Peter Ackroyd on Alfred Hitchcock

Ackroyd has devoted his literary career to chronicling the capital and its characters. He tells John Walsh why he chose the master of suspense as his latest subject
Ryan Reynolds interview: The actor is branching out with Nazi art-theft drama Woman in Gold

Ryan Reynolds branches out in Woman in Gold

For every box-office smash in Ryan Reynolds' Hollywood career, there's always been a misconceived let-down. It's time for a rethink and a reboot, the actor tells James Mottram
Why Robin Williams safeguarded himself against a morbid trend in advertising

Stars safeguard against morbid advertising

As film-makers and advertisers make increasing posthumous use of celebrities' images, some stars are finding new ways of ensuring that they rest in peace
The UK horticulture industry is facing a skills crisis - but Great Dixter aims to change all that

UK horticulture industry facing skills crisis

Great Dixter manor house in East Sussex is encouraging people to work in the industry by offering three scholarships a year to students, as well as generous placements
10 best compact cameras

A look through the lens: 10 best compact cameras

If your smartphone won’t quite cut it, it’s time to invest in a new portable gadget
General Election 2015: The masterminds behind the scenes

The masterminds behind the election

How do you get your party leader to embrace a message and then stick to it? By employing these people
Machine Gun America: The amusement park where teenagers go to shoot a huge range of automatic weapons

Machine Gun America

The amusement park where teenagers go to shoot a huge range of automatic weapons
The ethics of pet food: Why are we are so selective in how we show animals our love?

The ethics of pet food

Why are we are so selective in how we show animals our love?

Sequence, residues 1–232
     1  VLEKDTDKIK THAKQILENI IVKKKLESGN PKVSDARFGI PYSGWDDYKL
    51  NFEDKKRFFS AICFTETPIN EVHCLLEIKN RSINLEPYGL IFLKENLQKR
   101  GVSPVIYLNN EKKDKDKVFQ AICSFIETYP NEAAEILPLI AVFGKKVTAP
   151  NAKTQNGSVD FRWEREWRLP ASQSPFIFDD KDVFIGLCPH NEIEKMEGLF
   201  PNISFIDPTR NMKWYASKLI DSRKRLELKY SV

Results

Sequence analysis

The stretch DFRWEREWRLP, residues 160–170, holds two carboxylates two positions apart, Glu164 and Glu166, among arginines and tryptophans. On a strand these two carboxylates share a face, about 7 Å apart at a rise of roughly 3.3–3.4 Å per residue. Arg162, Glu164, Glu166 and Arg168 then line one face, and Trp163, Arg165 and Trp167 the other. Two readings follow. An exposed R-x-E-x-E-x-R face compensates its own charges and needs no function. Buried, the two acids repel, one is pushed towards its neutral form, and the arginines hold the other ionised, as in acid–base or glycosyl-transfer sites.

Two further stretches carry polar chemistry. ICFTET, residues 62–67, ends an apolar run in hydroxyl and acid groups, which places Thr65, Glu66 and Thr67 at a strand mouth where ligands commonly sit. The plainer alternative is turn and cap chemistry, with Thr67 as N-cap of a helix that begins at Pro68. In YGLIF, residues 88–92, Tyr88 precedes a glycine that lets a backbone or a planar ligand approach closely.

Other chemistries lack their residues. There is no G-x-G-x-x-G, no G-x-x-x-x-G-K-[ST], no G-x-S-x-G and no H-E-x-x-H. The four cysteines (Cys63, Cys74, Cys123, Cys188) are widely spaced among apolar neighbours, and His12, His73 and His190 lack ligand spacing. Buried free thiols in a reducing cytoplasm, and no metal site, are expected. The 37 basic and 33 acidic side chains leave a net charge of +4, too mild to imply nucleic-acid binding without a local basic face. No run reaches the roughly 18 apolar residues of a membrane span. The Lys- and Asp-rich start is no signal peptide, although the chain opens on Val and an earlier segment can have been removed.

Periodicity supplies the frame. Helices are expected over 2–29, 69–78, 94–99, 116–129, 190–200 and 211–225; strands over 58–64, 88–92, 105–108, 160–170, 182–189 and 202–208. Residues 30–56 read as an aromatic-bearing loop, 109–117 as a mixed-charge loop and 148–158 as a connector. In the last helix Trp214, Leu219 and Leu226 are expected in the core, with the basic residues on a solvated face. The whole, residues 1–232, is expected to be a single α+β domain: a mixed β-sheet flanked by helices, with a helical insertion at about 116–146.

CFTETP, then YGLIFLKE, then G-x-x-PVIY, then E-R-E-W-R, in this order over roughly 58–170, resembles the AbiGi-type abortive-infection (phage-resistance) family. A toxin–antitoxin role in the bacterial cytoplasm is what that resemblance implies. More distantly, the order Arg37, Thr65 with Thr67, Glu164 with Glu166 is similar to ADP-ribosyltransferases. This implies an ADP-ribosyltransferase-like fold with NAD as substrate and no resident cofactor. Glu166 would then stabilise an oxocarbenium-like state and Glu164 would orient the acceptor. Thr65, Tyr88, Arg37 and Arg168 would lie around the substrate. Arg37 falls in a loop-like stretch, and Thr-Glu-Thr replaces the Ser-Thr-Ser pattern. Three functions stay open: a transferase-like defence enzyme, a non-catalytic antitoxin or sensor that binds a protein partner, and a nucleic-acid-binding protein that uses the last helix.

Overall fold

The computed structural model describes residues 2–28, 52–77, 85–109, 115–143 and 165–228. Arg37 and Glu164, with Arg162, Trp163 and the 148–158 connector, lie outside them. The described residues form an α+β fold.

How Tansy Davies turned 9/11 into her opera 'Between Worlds'

How a composer turned 9/11 into her opera 'Between Worlds'

Tansy Davies makes her operatic debut with a work about the attack on the Twin Towers. Despite the topic, she says it is a life-affirming piece
11 best bedside tables

11 best bedside tables

It could be the first thing you see in the morning, so make it work for you. We find night stands, tables and cabinets to wake up to
Italy vs England player ratings: Did Andros Townsend's goal see him beat Harry Kane and Wayne Rooney to top marks?

Italy vs England player ratings

Did Townsend's goal see him beat Kane and Rooney to top marks?
Danny Higginbotham: An underdog's tale of making the most of it

An underdog's tale of making the most of it

Danny Higginbotham on being let go by Manchester United, annoying Gordon Strachan, utilising his talents to the full at Stoke and plunging into the world of analysis
Audley Harrison's abusers forget the debt he's due, but Errol Christie will always remember what he owes the police

Steve Bunce: Inside Boxing

Audley Harrison's abusers forget the debt he's due, but Errol Christie will always remember what he owes the police